Sunday, June 24, 2007

Another support in favor of something like algonomy

Here are the first and last paragraphs of a post in Evan Palmer's blog The Way It Can Be:

"If we want a guiding principle, it seems that directing ourselves to the reduction and elimination of suffering will lead us eventually to a kind of paradise. It's similar to having compassion for all creatures. It's similar to "love your neighbour as yourself" or "do unto others..". However, it has an advantage in that it has more of an orientation to action. It pushes us to look at suffering and try to see its causes and remedies and then asks us to act.


The reduction and elimination of suffering leads us to good stewardship of nature, to vegetarianism, to peace, to right living and livelihood. It does bring us face-to-face with spiritual laws and if we accept them or want to follow them. It does force us into the unpleasant calculus of the greatest good for the greatest number and accepting some suffering against greater suffering, or accepting some suffering against violation of a spiritual law and what we feel would be the certainty of greater future suffering. It makes us address deluded suffering brought on by things like consumerism or greed but with compassion and an appropriate gentleness."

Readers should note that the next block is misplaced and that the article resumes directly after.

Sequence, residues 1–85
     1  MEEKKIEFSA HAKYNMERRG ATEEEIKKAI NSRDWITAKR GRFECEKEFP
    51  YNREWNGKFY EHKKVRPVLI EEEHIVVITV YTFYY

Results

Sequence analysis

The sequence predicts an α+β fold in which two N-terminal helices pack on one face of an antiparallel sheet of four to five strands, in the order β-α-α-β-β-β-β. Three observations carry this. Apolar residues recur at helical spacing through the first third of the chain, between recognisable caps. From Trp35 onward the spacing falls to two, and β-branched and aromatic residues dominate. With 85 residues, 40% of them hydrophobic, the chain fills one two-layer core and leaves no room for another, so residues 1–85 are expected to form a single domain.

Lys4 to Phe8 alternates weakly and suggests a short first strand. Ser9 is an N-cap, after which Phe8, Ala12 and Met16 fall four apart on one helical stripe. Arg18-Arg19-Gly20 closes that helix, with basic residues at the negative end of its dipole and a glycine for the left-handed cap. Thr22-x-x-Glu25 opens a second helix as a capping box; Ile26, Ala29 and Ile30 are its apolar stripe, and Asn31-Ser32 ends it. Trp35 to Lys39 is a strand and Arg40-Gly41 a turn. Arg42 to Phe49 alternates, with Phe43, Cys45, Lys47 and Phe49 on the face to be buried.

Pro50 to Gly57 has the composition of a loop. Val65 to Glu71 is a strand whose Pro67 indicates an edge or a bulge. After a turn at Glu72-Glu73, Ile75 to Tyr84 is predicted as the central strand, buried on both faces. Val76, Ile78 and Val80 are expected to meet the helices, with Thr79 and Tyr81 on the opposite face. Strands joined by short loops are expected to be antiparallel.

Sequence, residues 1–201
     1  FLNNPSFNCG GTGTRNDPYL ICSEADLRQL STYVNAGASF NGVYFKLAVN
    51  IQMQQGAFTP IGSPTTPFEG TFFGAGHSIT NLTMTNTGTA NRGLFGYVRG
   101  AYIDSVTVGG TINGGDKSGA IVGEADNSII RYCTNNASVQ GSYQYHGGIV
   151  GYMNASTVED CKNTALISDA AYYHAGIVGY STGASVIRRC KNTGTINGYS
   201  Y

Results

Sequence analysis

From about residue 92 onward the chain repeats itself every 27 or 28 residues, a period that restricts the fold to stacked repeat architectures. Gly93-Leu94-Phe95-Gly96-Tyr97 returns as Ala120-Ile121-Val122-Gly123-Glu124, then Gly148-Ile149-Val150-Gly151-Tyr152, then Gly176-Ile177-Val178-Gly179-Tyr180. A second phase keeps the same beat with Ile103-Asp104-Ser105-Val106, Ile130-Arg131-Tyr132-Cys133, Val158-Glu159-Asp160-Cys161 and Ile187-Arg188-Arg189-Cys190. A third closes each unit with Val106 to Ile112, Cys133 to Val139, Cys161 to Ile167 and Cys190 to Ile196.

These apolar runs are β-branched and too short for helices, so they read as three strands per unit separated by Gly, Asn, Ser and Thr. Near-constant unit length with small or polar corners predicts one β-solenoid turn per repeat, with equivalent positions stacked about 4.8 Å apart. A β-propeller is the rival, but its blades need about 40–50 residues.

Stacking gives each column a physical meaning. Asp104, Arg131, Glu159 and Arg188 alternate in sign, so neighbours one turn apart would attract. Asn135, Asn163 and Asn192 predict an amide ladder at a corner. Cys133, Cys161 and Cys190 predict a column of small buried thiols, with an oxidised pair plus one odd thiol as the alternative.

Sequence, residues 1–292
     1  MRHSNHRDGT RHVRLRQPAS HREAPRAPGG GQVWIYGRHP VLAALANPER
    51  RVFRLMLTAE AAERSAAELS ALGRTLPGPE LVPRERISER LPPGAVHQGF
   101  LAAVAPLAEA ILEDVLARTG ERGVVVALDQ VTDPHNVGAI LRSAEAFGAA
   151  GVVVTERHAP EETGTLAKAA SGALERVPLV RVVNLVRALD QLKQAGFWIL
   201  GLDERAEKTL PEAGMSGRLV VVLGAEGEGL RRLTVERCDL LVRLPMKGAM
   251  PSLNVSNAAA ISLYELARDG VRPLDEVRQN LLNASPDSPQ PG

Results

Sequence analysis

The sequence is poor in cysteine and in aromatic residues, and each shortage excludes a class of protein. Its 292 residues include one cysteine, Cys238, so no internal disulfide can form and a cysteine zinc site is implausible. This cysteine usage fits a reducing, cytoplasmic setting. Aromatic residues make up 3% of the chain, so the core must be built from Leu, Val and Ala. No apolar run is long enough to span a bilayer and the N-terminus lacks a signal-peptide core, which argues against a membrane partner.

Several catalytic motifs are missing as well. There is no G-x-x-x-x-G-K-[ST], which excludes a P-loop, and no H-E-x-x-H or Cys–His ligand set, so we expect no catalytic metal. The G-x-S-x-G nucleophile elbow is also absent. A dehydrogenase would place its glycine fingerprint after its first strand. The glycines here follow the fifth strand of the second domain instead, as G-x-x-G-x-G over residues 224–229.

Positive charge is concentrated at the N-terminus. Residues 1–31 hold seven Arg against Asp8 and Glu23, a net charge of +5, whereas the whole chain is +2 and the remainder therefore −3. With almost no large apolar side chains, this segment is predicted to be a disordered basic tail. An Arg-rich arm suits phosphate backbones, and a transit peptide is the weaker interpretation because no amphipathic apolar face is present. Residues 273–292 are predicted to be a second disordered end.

Saturday, June 16, 2007

Global cooperation is needed for ending the world's suffering

This title is taken from an opinion piece by Scott Beale in The News Journal (Delaware, USA). The last paragraph of his article goes like this:

"It is important to recognize the contributions that the U.S. has made to address global challenges like human trafficking; but it is also time to reflect on what more can be done to promote international cooperation. Personally, I refuse to be a passive participant in the global politics abdicating the power we all have to make a difference. I am embracing my role as a global citizen and the shared responsibility we have to address the suffering that persists in the world."

Scott makes judicious remarks about the complexity of problems and solutions, based on his experience in India, Bosnia, and Columbia. He created recently an organisation called Atlas Corps. He says: "Former U.S. Sen. Harris Wofford, one of the founders of the Peace Corps, has joined our Senior Advisory Board and in a few months we will launch a new approach towards international cooperation." All this is very good.

Yes, indeed, global cooperation is needed for managing successfully the world's suffering, but then I submit respectfully that an overarching frame of work is needed, and by definition, or by the argument of requisite globality if you prefer, this framework can only be algonomy.